But they reappear with each glutening. At least I know why. Interestingly, the symptoms are worse when I fly.

  4. Has anyone ever been to the University of MD Center for Celiac Research? Heard anything about them? When I return to the States at the end of June I'll be in the Washington DC area and am considering getting an appointment here to have them review my files/case.

    I went there a year or so ago for an evaluation. It sounds like you want an evaluation as well. For my appointment, I first was interviewed by several doctors who also looked at the medical records. Then they went to speak with Dr. Fasano, and all returned for a brief discussion with me. My evaluation was prompted by one specific symptom that occurs when glutened, and Dr. Fasano was able to shed helpful light on that symptom.

    For me, it was well worth the trip.

  5. I am planning a trip and am wondering I can pack food in my checked luggage? I have read that I can't bring any food on the plane unless I buy it after I go through security.



    I assume you are in the US. If you bring food through the TSA check-point, declare it to the screener as medical supplies before you place it on the belt. (Yes, the foodstuff consitutes your medical supplies because it is a treatment for your medical condition). You do not have to tell the screener your diagnosis, you only have to declare the food as medical supplies.

    The TSA may want to x-ray and swab the food containers. I'd recommend against letting them open anything because of the possibility of contamination. Also, I'd recommend not bringing the liquids through that you can buy past the checkpoint. That might irritate the screeners.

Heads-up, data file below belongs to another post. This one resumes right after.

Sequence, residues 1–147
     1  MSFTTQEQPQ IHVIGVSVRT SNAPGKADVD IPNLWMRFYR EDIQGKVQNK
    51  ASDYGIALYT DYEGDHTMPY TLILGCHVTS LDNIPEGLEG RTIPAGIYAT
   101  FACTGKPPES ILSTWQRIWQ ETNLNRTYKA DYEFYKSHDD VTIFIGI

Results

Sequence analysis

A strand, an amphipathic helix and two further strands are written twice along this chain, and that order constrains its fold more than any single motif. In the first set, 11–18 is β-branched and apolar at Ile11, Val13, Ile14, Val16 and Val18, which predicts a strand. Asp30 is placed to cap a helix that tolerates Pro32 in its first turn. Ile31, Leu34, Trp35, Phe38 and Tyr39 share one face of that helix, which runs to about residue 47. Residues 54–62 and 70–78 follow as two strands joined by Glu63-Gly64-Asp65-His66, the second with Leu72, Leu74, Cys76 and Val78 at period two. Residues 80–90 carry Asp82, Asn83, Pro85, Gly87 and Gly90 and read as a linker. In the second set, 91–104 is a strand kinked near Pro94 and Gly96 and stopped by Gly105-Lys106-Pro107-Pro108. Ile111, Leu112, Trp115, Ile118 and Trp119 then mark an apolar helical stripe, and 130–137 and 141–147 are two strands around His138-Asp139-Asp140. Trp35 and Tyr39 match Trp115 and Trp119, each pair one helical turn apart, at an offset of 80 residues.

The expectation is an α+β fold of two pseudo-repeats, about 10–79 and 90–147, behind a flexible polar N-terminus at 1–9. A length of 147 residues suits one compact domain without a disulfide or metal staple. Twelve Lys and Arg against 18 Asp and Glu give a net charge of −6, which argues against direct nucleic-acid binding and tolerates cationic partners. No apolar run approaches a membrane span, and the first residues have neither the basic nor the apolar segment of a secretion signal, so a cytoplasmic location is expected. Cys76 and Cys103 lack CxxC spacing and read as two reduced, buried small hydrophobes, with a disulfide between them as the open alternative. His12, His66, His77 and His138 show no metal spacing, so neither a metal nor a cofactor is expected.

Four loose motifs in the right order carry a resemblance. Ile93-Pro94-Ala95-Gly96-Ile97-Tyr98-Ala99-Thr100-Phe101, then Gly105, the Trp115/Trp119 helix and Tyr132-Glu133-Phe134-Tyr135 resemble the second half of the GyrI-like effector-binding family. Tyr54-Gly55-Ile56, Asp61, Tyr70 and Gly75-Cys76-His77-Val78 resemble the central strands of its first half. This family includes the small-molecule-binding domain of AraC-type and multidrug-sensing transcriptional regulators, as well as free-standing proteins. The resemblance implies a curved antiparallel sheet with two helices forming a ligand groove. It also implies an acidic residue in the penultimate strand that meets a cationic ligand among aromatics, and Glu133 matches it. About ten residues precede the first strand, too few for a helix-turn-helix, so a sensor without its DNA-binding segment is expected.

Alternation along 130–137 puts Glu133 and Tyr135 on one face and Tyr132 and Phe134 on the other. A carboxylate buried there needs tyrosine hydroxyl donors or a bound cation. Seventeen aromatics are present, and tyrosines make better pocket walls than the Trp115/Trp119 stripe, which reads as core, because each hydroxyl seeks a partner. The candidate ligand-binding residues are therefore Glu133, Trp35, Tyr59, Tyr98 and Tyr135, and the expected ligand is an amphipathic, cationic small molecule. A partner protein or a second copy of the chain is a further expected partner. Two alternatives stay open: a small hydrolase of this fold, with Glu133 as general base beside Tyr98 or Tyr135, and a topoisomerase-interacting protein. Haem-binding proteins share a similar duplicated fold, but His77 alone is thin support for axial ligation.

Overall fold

Having said all that, TSA is notorious for making up rules at the last minute, or reinterpreting rules in new and unique ways. You may get a screener who refuses to let anything through. If so, ask for the supervisor.

    You can also print out the information on the TSA web site that discusses the screening of medical supplies. It may help.

  6. Effective March 15, 2010, Gluten-free meals were discontinued. I am sorry to learn of your disappointment and understand that you could not enjoy the meal service onboard your flight, especially since the flight was delayed.

    I wonder if the change was made in preparation for the merger with United, and if the subsequent re-introduction was only until the merger takes place?

    US airliners are perpetual money-losers, and are resorting to survival tactics including fees for everything under the sun, and elimination of any service that they can't charge a fee for. They can't charge for special meals, so eliminating the low-volume ones may be their response.

    I suppose we all may have to fly a non-US flag airline in order to eat.

  7. I think maybe I understand why Dr. Fine is not publishing. He has a little data on his website showing that he has sacrificed specificity in order to have high sensitivity on his tests, and he pretty much says as much in the accompanying test. I'm not sure the way he has defined the reference ranges would survive a peer review.